If I’m counting right, I had 14 teachers this week. Since we had a test Friday, that’s 14 people over 20 hours of class time. I’d hit 23 if I count the doctor I work with in clinic and the patients I saw — and, frankly, no one teaches me more.
This isn’t an unusual week. Medical school is remarkable for the enormous breadth of knowledge presented to us. In our first two years, we essentially go through the whole body, twice, learning how it works and breaks on levels ranging from individual atoms to societies. That breadth is probably the biggest challenges I have as a student. It’s a bigger challenge for the teachers, since they have to know more about all of this than we do, in order to explain it and field our questions, which range from minute scientific points (what is the role of enkephalins in the basal ganglia?) to broad curiosity (how long after you eat food will you poop it out?).
No one person can know enough to teach all of medical school, so we get masses of teachers. Each of our courses has one or several “directors,” who arrange the syllabus and give many lectures. But even the director seldom gives more than a dozen lectures in a couple-month course. Much of their effort goes to lining up a host of basic scientists, clinical faculty, community doctors, patients and others willing to come teach 120 total strangers for an hour or five.
A surprising variety of people are willing to share their time to teach us. A couple of weeks ago, Dr. John Kitzhaber, the governor (and an OHSU grad) came and spoke to our clinical class about Oregon’s efforts to create medical groups that offer better and better-coordinated care to state employees and people insured by Medicaid. This past week, the university president, ophthalmologist Dr. Joe Robertson, told us more about OHSU’s efforts to start these “Coordinated Care Organizations,” and discussed his hopes to make OHSU more of a statewide institution than a local one. His phrase: OHSU is not a “citadel on a hill” but an “amoeba with fingerlings” that spread throughout the state.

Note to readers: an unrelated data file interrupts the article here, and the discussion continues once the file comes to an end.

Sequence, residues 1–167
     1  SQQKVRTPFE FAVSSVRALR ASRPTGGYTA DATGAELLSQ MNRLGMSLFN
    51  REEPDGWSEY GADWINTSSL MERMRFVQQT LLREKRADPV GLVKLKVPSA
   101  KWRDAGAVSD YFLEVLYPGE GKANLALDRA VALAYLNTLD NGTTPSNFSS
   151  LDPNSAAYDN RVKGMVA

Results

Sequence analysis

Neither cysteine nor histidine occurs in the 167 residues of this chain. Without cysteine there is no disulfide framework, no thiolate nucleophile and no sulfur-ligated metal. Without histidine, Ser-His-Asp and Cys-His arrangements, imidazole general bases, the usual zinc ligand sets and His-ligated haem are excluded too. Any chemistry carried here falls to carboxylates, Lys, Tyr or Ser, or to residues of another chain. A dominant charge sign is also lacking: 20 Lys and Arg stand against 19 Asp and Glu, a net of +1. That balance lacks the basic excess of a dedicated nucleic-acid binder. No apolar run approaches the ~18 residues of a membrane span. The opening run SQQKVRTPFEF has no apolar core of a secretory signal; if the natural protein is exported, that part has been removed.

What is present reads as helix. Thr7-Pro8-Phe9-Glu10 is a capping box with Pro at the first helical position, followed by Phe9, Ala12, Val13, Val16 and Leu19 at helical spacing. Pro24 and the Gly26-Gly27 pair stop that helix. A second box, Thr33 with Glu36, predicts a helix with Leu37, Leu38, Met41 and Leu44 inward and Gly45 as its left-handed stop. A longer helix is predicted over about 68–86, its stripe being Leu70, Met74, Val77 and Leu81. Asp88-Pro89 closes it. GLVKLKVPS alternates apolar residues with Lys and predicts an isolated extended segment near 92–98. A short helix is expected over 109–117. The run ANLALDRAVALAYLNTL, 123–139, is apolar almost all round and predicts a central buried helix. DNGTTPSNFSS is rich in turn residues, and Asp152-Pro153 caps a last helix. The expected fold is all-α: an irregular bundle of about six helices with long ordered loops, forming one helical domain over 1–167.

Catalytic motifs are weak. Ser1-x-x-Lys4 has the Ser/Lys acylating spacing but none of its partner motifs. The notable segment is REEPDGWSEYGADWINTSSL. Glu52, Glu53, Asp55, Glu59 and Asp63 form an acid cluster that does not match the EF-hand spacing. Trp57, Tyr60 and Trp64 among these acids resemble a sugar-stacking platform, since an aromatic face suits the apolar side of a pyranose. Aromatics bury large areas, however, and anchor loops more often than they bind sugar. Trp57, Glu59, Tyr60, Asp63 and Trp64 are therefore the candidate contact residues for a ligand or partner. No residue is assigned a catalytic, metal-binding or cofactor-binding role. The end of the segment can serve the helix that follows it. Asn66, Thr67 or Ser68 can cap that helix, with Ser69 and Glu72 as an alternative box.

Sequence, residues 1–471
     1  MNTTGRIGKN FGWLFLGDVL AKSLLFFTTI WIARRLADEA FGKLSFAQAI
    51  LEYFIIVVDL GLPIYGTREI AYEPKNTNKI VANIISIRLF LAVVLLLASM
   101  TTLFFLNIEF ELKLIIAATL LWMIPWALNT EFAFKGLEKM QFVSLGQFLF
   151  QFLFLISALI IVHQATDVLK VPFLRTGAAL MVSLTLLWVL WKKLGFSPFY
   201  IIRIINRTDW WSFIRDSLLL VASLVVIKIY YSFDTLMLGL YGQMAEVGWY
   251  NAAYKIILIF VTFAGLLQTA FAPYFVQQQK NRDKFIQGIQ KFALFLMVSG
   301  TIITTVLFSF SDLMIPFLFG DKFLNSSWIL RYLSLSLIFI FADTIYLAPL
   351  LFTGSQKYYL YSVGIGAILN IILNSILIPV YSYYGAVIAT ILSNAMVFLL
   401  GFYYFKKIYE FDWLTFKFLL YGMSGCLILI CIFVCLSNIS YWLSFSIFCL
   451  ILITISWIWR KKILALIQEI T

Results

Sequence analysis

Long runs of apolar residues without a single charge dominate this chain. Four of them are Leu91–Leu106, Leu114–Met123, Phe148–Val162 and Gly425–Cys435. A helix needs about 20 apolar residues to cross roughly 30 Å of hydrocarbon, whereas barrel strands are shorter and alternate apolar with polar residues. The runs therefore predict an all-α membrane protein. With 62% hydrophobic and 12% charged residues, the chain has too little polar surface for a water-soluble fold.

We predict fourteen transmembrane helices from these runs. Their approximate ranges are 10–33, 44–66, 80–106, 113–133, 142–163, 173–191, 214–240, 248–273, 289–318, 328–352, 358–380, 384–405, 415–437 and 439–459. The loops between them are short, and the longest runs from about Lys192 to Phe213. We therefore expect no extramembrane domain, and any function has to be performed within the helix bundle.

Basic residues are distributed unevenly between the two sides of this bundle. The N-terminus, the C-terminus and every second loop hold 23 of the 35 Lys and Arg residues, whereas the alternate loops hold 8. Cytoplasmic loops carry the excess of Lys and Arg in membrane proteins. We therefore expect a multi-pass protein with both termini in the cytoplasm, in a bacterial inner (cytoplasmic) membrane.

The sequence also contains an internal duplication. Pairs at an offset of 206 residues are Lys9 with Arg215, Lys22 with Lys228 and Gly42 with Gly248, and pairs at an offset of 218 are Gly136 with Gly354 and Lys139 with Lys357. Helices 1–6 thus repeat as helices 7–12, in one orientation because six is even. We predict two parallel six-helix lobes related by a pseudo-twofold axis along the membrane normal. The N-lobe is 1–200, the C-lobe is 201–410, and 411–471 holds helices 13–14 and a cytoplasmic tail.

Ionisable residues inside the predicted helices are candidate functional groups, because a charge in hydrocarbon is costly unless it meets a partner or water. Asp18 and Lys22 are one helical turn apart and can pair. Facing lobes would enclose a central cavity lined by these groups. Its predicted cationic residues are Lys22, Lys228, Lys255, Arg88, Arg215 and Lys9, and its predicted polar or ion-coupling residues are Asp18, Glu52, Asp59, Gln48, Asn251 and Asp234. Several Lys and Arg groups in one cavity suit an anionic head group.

But they’re doctors, who may feel an obligation to teach us. More impressive to me is the number of patients willing to discuss how their illnesses and interactions with health care affect their lives. We’re studying neurology now, and we’ve had patients come in to talk to us about subjects from how their Parkinson’s drugs affected their marriage to their worry cops will arrest them for their staggering walk. We’ve had everyone from infants to retirees speak to us — even a TV star. This spring, people will even come to our clinical class and let us practice giving a pelvic exam on them. It’s an almost embarrassing amount that these people give to us, asking nothing in return except that we try to become good doctors. They offer so much insight into how medicine and disease function in real life, I don’t think we could be good doctors without them.
Teaching by the gaggle has a few drawbacks. From time to time, we face teachers who lecture at levels of complexity far over our heads, leaving us confused, or levels so simplistic we all quietly reach for our smart phones to play Words With Friends. Clearly, teaching well is a skill not everyone possesses. (Though people who work in public health do all seem to be good teachers.) Everyone presents information in different formats, from power-point slides to printed handouts to extemporaneous ramblings, which can make studying tricky. And different teachers sometimes offer conflicting information; our talks on prescribing opiates revealed more clashing viewpoints than a presidential debate. But even this may be a good thing. In medical information, as in medical school, I’ll get a glut of information: Patient stories, journal articles, test results, Internet printouts, drug ads. Some will be too complicated, some too simple, some unclear or conflicting, always coming from new people in new ways. Maybe all this team teaching is good practice for good practice.